- U-Factor of .30 and SHGC of >.42
North Central Climate
- U-Factor: <.30
- SHGC: <.40
South Central Climate
- U Factor: <.30
- SHGC: <.25
- U Factor: <.40
- SHGC: <.25
What Does the Map Mean on an Energy Star Rating?
Windows with an Energy Star rating will feature a map of the United States with certain areas shaded in light blue. The blue shading signifies if a window is Energy Star rated in that area.
Since different climates require different ratings, the map is an easy way to tell if you’re picking a product that will be suitable for your home.
Are All Window Frames Energy Star Rated?
While not all windows are Energy Star rated, all window frame materials can be Energy Star rated. The most energy-efficient window frame material is fiberglass, followed by wood, wood clad, and vinyl.
Aluminum is the least energy-efficient frame material, but newer versions feature thermal breaks for improved insulation.
Here’s the good news: if you’re getting ready to purchase new windows from a reputable brand, there’s a high chance the material and window are Energy Star rated.
Are Energy Star Windows Worth It?
According to the Department of Energy, windows are responsible for 25 to 30% of heat gain and loss. So replacing your old, drafty windows with new energy-efficient versions will regulate indoor temperatures and help cut energy bills.
An Energy Star rating is the government’s way of certifying whether or not a product will be energy efficient. So, if you are replacing your windows, going with an Energy Star product is worth it. Windows should last decades, so choosing a quality, long-lasting, energy-saving product is essential.
Frequently Asked Questions (FAQ)FAQ
Is .30 a good U-Factor for windows?
A .30 is a good U-Factor for all climates. If you live in a cold northern climate and choose a window with a .30 U-Factor, ensure that the SHGC is at least .42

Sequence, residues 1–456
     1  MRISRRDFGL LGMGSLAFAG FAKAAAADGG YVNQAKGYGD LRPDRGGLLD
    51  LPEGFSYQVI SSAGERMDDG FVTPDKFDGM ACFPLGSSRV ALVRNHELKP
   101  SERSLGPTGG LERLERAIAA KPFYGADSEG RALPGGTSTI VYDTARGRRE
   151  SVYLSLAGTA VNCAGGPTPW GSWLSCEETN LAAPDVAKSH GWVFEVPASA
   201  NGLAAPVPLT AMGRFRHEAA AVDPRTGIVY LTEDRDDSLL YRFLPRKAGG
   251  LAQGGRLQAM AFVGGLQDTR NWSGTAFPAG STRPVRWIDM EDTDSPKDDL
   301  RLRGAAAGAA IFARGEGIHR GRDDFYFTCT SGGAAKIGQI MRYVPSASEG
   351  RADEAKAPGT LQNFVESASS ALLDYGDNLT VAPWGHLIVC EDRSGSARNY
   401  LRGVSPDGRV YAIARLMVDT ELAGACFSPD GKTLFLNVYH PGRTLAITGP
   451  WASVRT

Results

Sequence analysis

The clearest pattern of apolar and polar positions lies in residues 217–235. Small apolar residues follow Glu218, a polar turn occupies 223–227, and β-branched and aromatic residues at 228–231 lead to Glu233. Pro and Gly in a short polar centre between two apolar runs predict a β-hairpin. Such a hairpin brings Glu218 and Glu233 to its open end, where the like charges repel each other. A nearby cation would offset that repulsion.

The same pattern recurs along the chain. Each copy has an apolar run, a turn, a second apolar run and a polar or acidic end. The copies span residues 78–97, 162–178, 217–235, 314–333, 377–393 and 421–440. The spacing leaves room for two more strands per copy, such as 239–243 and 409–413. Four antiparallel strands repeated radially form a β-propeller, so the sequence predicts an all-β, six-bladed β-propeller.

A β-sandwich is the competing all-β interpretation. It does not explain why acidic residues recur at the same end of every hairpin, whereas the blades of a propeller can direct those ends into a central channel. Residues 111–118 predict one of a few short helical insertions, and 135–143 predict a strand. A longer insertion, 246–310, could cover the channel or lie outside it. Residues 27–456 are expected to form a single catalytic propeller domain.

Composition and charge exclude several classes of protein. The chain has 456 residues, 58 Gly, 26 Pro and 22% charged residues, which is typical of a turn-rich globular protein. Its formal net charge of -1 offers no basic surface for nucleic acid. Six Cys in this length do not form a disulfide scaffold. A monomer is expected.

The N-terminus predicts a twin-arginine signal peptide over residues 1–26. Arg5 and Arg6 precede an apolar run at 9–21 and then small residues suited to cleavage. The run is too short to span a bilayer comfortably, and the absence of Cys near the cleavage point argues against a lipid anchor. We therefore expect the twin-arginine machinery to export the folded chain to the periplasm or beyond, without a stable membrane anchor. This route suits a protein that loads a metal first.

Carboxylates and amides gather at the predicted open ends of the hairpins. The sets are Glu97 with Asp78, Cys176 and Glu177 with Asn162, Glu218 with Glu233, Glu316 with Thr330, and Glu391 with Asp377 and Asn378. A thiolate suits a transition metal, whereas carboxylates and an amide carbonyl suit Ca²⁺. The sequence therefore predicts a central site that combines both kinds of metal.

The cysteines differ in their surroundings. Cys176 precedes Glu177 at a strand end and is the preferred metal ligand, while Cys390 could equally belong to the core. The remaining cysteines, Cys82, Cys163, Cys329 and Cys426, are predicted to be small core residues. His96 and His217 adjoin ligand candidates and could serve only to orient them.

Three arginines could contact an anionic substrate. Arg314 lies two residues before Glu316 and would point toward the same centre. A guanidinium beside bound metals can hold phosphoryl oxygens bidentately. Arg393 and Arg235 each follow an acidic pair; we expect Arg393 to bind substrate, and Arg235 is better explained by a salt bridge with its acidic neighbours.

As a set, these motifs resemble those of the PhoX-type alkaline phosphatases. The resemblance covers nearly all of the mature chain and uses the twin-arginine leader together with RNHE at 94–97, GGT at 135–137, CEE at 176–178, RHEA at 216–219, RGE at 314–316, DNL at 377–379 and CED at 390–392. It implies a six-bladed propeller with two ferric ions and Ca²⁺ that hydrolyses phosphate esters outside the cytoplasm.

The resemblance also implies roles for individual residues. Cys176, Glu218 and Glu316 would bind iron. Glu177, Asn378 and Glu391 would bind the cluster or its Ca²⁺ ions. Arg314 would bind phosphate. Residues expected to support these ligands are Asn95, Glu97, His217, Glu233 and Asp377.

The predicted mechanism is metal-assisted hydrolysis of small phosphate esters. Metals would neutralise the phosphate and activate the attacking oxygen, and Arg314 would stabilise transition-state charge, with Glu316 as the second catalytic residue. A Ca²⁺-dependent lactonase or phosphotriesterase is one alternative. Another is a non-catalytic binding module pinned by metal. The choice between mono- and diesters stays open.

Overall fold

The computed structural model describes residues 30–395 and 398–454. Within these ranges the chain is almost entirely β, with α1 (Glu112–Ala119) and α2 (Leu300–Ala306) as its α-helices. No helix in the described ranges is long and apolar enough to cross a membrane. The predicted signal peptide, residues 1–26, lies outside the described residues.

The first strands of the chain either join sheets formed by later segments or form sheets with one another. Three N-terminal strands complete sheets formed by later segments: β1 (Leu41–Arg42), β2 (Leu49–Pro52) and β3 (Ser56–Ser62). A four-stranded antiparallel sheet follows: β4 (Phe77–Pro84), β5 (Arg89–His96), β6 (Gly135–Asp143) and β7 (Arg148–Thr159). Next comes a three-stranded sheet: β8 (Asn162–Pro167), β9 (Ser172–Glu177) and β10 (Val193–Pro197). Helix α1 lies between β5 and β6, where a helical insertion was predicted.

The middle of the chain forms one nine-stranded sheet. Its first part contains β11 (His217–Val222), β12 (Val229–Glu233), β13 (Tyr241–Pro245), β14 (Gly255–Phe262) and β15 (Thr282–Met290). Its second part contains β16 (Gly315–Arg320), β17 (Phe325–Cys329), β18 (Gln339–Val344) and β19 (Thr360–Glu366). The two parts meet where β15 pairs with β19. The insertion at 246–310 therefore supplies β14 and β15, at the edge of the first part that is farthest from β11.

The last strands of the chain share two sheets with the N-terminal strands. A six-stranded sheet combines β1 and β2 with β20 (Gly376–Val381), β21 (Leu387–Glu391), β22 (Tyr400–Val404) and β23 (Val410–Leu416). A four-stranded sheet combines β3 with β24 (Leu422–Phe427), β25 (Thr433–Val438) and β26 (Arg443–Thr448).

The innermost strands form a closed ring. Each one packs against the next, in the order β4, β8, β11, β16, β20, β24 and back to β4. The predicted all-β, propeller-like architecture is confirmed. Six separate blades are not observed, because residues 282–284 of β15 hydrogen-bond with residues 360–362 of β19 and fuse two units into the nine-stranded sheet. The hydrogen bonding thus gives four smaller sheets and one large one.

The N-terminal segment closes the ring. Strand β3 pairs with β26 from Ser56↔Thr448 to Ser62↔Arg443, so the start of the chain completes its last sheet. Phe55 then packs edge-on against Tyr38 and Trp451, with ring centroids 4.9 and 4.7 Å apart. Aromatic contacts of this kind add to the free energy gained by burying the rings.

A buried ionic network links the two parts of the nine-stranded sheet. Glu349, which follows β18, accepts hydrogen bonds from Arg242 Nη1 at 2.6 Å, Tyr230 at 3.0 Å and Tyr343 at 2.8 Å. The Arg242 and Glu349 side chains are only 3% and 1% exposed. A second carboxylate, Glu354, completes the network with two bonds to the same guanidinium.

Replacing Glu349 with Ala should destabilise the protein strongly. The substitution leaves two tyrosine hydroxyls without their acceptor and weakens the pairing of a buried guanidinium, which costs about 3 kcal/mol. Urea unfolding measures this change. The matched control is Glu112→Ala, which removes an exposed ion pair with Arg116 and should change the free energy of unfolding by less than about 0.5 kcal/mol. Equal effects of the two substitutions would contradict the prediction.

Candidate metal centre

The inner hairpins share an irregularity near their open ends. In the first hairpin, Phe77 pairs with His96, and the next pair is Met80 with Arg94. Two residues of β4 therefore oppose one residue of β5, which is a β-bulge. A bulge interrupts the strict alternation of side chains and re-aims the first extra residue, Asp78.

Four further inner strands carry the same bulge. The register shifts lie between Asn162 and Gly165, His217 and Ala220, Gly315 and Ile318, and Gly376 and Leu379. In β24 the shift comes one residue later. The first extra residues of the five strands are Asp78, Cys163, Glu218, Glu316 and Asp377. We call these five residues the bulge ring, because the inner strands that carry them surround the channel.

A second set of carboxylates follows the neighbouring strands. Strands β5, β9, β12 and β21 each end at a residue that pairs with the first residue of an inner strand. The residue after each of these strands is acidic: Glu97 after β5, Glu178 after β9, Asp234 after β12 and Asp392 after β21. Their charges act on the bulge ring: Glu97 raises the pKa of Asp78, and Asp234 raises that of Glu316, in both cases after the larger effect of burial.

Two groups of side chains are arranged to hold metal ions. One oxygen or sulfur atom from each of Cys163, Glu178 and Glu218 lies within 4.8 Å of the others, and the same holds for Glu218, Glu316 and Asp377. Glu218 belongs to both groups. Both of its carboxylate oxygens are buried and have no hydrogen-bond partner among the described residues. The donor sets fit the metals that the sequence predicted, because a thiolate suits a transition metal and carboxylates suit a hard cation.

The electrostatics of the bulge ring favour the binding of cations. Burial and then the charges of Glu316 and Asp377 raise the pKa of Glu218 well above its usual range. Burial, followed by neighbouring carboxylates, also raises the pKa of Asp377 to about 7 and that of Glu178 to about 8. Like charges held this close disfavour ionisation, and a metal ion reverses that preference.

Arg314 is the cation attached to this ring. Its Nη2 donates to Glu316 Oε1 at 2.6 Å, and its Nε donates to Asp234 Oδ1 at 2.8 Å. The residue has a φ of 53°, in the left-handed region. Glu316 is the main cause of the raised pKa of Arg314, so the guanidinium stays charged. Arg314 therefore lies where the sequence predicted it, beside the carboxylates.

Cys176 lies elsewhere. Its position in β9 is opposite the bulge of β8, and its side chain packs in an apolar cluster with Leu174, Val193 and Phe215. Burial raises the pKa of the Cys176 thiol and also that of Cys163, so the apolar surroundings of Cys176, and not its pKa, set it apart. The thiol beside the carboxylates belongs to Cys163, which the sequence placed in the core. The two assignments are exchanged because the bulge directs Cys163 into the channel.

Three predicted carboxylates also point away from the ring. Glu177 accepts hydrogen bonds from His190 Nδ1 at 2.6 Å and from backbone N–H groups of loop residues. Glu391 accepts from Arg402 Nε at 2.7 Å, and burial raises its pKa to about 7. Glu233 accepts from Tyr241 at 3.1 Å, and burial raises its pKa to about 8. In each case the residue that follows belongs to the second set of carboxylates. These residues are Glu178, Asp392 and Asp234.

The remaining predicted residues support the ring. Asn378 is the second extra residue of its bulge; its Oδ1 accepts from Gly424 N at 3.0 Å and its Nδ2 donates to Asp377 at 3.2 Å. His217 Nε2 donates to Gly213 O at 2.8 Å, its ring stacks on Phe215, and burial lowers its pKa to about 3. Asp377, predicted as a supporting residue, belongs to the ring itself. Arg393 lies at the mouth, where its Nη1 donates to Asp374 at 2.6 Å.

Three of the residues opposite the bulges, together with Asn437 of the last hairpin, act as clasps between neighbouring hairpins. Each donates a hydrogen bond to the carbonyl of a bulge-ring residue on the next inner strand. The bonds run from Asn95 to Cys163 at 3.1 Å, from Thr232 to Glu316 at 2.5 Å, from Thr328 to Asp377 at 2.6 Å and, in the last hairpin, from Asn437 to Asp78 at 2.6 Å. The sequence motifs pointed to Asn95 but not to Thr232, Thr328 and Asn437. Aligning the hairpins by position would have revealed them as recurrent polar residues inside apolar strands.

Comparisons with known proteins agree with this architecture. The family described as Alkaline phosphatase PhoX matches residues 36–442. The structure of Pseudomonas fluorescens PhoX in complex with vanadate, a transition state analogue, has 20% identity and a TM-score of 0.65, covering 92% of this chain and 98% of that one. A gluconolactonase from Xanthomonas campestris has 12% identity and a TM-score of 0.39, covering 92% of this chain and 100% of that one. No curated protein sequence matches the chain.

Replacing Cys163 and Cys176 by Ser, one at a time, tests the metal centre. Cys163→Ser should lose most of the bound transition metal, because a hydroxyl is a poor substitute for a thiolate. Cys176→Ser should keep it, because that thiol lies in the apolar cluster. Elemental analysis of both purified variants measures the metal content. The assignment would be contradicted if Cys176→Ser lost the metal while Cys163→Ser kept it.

Is .27 a good U-Factor for windows?
A .27 U-Factor is excellent, signifying that the window insulates well and will prevent heat from escaping the home.
Does Low-E glass make a window Energy Star rated?
Low-E glass is essential in how well a window insulates and, in some cases, how well it reflects solar heat. While it’s common for windows with Low-E glass to have good Energy Star ratings, just because a window has Low-E doesn’t mean it’s rated.
Where can you buy Energy-Star-rated windows?
You can purchase Energy-Star rated windows from the big box stores like Lowes, Home Depot, or Menards. You can also get Energy Star-rated windows from top brands, including Pella, Andersen, Milgard, Jeld WEN, Champion, and more.
Choosing an Energy Star-rated window will guarantee at least some energy efficiency. By learning how to read the label, you can find a window that fits all of your needs. The two most important numbers on Energy Star ratings are the U-Factor, which determines how well a window insulates, and the SHGC, which measures how much solar heat a window conducts.
Areas with cold climates need a low U-Factor and higher SHGC, while hot sunny climates need low U-Factors and low SHGC. Also, remember that even the best-rated windows won’t perform well without proper installation.